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Council to seek power to temporarily tweak commercial property tax collection higher

The Boston City Council today approved a request to the state legislature for permission to temporarily increase commercial tax rates to try to shield homeowners from a potentially huge increase should downtown office-building assessments collapse as many workers continue to stay at home.

The measure passed 8-4-1. Councilors Breadon, Coletta Zapata, Fernandes Anderson, Louijeune, Pepén, Santana and Weber voted yes; FitzGerald, Flynn, Murphy and Worrell voted no and Mejia voted "present."

Backers, including City Councilor Gabriela Coletta Zapata (East Boston, Charlestown, North End), said they hope the city would not have to use the power, should it get it, but that it will provide an extra tool to help homeowners - in particular the elderly and apartment dwellers - over a four-year period allowed for in the proposal. The measure, if the city uses it, would not mean decreased taxes for residential property owners, but would buffer increases that would otherwise be necessary because of the need to balance the total amounts of tax revenue the city can bring in from residential and commercial classes of property - by reducing the tax decreases commercial property owners would otherwise see.

Coletta Zapata said she does not want to harm skyscraper owners, but she is more concerned about what happens to homeowners who find themselves priced out of the city. "Everyday Bostonians drive our economy as much as these major corporations do," she said.

She and Councilors Sharon Durkan (Back Bay, Beacon Hill, Fenway, Mission Hill) and Liz Breadon (Allston/Brighton) said the measure would be a tool that they hope they don't have to use, but would be grateful to have if it turns out the city has to.

Durkan referred to a toolbox she has in her kitchen: "If I need a wrench, I hope that it's there. This is our wrench."

Two opponents of the measure - City Councilors Ed Flynn (South Boston, South End, Chinatown, Downtown) and Erin Murphy (at large) - warned the measure would likely mean the end of Boston, that the temporary change would make businesses flee the city, starting what Flynn called an "urban doom loop" that would end with a city completely empty of any jobs because all the employers would have moved elsewhere.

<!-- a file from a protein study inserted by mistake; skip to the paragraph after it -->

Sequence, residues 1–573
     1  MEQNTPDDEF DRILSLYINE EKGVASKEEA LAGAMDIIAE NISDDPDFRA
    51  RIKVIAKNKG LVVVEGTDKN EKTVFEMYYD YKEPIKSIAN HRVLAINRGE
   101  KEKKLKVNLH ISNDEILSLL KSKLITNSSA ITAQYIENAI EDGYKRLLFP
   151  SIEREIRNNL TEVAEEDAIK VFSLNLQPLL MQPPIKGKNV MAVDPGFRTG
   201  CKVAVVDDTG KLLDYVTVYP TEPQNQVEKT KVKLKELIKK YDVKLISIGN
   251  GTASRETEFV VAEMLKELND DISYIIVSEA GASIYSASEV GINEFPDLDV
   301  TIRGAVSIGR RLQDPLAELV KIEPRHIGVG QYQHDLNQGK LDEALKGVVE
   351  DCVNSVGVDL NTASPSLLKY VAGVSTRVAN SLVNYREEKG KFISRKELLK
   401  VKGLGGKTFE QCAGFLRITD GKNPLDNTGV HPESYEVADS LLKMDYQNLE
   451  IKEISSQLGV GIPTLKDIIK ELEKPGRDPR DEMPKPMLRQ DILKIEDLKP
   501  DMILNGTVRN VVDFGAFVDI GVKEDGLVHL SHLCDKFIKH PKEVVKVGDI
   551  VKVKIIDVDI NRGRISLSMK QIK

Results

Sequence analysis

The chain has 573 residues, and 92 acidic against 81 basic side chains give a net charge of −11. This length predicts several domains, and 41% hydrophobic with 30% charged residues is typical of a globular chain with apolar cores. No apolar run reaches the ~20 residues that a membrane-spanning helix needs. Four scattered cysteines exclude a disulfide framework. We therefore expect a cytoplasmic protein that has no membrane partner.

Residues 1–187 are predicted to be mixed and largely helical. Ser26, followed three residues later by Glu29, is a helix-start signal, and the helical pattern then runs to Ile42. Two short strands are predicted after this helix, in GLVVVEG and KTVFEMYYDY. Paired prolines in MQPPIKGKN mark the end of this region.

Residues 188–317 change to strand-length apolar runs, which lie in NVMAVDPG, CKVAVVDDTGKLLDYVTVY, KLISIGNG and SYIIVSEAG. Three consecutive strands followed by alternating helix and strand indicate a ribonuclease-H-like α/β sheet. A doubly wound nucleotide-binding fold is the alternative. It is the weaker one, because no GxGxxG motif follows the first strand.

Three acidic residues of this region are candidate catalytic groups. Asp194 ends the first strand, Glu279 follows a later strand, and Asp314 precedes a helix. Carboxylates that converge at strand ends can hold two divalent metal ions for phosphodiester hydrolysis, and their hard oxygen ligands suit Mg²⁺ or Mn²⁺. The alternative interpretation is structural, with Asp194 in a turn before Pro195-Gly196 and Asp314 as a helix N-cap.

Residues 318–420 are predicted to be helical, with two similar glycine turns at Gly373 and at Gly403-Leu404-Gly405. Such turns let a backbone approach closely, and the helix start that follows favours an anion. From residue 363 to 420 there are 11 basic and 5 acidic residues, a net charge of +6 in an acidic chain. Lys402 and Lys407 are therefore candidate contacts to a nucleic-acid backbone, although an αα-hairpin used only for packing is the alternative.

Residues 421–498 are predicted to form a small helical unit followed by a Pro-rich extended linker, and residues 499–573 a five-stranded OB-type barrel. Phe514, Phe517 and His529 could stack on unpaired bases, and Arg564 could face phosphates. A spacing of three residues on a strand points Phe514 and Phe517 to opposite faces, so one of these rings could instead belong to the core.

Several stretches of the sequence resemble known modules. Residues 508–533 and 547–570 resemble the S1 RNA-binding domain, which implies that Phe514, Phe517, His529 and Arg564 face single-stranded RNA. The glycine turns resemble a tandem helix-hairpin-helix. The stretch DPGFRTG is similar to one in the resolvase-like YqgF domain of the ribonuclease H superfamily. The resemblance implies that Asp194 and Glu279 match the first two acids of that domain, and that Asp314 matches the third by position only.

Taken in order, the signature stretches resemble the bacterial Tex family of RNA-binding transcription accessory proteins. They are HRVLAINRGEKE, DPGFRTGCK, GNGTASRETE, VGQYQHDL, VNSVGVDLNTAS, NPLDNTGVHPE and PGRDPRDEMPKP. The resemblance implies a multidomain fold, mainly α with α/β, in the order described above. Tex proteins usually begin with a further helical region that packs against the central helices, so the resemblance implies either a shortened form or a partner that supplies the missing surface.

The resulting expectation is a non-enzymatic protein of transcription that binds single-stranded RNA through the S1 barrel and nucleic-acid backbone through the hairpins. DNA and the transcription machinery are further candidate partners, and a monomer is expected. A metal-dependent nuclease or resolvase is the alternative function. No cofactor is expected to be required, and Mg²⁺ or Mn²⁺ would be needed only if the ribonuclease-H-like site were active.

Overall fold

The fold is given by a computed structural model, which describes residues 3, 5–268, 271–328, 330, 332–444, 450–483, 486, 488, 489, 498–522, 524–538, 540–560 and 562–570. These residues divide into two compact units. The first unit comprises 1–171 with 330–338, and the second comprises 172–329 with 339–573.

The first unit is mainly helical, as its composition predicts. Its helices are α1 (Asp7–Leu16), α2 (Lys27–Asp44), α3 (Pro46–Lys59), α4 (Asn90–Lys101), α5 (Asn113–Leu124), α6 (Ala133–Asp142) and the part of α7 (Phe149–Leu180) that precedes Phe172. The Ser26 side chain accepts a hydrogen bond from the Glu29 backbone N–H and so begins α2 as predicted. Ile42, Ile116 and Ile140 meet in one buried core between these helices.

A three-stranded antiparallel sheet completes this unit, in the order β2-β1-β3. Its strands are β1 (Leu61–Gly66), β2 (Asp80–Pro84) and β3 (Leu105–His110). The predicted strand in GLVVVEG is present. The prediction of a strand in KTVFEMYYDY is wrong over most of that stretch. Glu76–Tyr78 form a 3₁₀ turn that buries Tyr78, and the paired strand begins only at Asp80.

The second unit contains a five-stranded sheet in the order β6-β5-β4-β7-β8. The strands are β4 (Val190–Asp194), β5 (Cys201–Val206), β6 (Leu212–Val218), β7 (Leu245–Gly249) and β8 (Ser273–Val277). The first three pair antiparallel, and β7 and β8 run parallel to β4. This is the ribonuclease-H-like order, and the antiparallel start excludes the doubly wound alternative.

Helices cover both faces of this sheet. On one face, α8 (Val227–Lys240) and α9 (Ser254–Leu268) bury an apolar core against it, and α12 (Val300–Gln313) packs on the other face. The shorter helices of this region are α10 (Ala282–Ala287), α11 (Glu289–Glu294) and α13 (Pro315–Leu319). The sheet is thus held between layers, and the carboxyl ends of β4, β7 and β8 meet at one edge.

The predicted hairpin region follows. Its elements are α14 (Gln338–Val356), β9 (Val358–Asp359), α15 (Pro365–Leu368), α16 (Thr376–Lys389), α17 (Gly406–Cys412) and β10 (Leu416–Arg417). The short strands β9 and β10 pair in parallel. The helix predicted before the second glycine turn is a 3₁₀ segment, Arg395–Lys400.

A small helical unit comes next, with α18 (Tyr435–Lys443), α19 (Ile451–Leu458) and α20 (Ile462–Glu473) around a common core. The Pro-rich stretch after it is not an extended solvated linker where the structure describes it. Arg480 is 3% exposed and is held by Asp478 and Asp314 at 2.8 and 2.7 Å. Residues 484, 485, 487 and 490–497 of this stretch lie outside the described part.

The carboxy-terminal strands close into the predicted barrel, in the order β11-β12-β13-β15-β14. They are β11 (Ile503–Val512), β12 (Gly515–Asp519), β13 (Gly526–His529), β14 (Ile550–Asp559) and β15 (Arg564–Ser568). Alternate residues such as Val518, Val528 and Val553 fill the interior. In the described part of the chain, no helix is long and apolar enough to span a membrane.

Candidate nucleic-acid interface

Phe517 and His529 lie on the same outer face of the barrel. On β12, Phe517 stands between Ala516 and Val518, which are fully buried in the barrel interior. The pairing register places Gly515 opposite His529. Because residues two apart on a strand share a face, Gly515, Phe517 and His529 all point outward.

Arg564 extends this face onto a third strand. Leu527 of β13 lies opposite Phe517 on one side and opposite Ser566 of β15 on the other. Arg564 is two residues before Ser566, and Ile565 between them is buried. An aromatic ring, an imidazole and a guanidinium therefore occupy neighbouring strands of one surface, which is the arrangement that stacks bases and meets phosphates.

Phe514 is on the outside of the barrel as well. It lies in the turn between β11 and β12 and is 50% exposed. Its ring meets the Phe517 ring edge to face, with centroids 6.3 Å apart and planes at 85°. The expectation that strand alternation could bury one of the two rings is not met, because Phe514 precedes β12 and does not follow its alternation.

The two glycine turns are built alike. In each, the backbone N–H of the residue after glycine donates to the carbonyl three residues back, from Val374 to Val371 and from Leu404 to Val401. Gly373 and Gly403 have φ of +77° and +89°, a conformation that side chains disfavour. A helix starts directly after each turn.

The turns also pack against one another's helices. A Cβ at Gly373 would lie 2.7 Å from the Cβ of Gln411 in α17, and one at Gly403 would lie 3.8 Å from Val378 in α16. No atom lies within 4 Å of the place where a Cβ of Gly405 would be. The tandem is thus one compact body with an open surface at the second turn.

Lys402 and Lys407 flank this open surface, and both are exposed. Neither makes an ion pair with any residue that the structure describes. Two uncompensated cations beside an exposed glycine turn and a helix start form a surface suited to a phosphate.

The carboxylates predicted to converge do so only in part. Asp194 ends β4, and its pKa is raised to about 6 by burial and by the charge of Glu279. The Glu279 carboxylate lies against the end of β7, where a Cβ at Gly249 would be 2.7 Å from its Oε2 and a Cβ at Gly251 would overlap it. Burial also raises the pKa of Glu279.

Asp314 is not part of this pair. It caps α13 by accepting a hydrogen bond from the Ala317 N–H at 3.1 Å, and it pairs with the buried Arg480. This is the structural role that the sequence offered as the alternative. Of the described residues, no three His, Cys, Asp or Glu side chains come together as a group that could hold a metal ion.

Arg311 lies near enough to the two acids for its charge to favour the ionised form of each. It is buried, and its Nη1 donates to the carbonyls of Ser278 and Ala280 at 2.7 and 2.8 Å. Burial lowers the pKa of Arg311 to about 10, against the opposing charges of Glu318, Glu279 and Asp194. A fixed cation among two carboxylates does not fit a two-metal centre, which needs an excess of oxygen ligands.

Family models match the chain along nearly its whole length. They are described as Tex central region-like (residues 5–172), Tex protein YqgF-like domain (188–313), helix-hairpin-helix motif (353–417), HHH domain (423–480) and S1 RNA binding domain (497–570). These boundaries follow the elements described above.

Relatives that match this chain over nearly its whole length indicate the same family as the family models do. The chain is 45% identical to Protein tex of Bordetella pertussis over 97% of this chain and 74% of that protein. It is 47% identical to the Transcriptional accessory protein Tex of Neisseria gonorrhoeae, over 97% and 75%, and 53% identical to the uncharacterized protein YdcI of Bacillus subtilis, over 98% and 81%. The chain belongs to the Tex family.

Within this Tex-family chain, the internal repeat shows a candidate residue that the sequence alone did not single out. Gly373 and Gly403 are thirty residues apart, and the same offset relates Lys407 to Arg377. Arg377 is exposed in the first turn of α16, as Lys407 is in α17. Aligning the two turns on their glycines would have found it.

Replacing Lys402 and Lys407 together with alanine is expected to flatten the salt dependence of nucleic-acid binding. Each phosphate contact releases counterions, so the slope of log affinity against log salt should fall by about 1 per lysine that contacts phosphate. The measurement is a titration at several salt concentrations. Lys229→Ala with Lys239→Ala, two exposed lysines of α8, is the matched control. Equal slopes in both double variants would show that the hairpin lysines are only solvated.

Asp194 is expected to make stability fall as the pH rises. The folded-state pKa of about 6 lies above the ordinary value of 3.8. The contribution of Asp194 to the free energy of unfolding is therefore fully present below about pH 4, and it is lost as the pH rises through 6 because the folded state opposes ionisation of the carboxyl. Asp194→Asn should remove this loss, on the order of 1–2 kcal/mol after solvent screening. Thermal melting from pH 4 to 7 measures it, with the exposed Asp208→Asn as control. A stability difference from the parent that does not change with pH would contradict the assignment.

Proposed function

Flynn blasted the nerve of private employees who continue to work at home and said it's time their employers - both businesses and non-profit groups - crack the whip and make them get back to work in their downtown offices, to help downtown. He slammed the city's own Zoning Board of Appeal and the BPDA, which continue to hold their hearings and meetings online instead of in City Hall. What a poor example they are setting, he said.

"We can no longer afford all sectors of our economy to work from home indefinitely," he said.

He called for a blue-ribbon commission to find ways to raise revenue without affecting tax rates.

Murphy went even further and blasted an administration that "plays to its base" through a proposal that will further "snub and insult the business community."

She linked the tax issue to the failed effort to move the O'Bryant School from Roxbury to West Roxbury and city efforts to ram bike lanes down the throats of various neighborhoods and said it all proves that Boston is becoming a city on the verge of collapse because of a deliberate, doctrinaire effort to avoid looking at alternatives. "When did we become a city that gives up on new ideas and innovative solutions?" she asked, also blasting a buildup of mystery mid-level managers at City Hall whose tasks she does not get.

Then turning back to the issue directly at hand, she continued, "Worcester, Providence or even Charlotte, NC would be absolutely thrilled with this proposal" because it will drive Boston businesses to them. The measure won't help homeowners stay in Boston when "they're not being able to find a job because all of the businesses have left town," she said.

She called for alternate sources of income, like, say, Harvard. Endowment of $51 billion and it pays Boston a pittance in lieu of taxes and that needs to stop, she said. "This is the ultra rich getting richer on the backs of working class families," she said.

Durkan followed Murphy and expressed anger - possibly for the first time in her months on the council - at Murphy and Flynn. She said she probably has some of the biggest commercial property owners in the city in her district and yet she cannot help but side with homeowners who got double-digit tax increases this year - and could face more next year.

Councilor John FitzGerald (Dorchester) said commercial property owners have gotten slammed in recent years, not just by Covid-19, but escalating fees and health-insurance costs, city greenhouse-gas regulations and all those people working at home. "They're hurting," he said, and the measure would not really help homeowners over the long run, because their taxes would still go up, just maybe not as much over a four-year period, so the end result would be "residents will see any increase in the income tax and raise their fists and say 'what did you do to us?' "

He called for more work at City Hall to tighten budgets, look for new streams of revenue - he mentioned taxing "non-essential goods" - and making a conservative drawdown from the city rainy-day fund.